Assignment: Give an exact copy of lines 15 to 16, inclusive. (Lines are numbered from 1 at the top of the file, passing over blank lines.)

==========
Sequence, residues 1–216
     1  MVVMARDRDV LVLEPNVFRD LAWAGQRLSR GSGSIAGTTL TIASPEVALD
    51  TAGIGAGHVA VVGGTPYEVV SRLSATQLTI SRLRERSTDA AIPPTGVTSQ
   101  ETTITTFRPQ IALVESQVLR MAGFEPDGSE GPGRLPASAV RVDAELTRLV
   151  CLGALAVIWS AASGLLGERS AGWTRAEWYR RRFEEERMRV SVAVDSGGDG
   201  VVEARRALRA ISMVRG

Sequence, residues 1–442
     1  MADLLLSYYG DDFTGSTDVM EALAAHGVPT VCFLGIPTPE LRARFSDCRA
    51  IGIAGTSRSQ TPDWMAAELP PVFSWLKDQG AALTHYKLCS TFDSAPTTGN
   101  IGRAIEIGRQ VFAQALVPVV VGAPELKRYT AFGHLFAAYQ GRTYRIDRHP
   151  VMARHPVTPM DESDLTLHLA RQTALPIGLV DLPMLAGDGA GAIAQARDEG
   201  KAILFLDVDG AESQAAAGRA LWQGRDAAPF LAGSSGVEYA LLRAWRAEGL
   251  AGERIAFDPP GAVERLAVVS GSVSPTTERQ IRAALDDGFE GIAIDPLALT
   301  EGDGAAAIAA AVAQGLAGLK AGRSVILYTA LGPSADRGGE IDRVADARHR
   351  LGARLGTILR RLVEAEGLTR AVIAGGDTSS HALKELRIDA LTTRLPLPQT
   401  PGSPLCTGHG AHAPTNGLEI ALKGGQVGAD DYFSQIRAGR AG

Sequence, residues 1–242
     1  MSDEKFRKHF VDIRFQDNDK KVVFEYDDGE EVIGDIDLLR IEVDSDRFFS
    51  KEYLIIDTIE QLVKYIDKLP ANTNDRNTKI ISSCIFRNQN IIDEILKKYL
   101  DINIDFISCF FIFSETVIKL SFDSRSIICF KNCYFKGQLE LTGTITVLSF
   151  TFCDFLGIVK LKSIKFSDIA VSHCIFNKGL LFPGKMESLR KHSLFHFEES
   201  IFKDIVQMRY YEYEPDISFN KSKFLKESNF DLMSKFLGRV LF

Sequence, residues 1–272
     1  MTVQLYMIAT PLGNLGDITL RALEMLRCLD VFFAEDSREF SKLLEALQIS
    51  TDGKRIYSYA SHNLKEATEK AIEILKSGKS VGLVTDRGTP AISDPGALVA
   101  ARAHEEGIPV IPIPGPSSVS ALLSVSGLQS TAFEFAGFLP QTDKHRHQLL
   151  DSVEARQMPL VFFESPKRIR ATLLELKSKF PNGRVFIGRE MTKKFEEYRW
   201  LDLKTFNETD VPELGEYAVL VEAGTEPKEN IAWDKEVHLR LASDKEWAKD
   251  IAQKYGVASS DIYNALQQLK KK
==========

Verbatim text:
   351  LGARLGTILR RLVEAEGLTR AVIAGGDTSS HALKELRIDA LTTRLPLPQT
   401  PGSPLCTGHG AHAPTNGLEI ALKGGQVGAD DYFSQIRAGR AG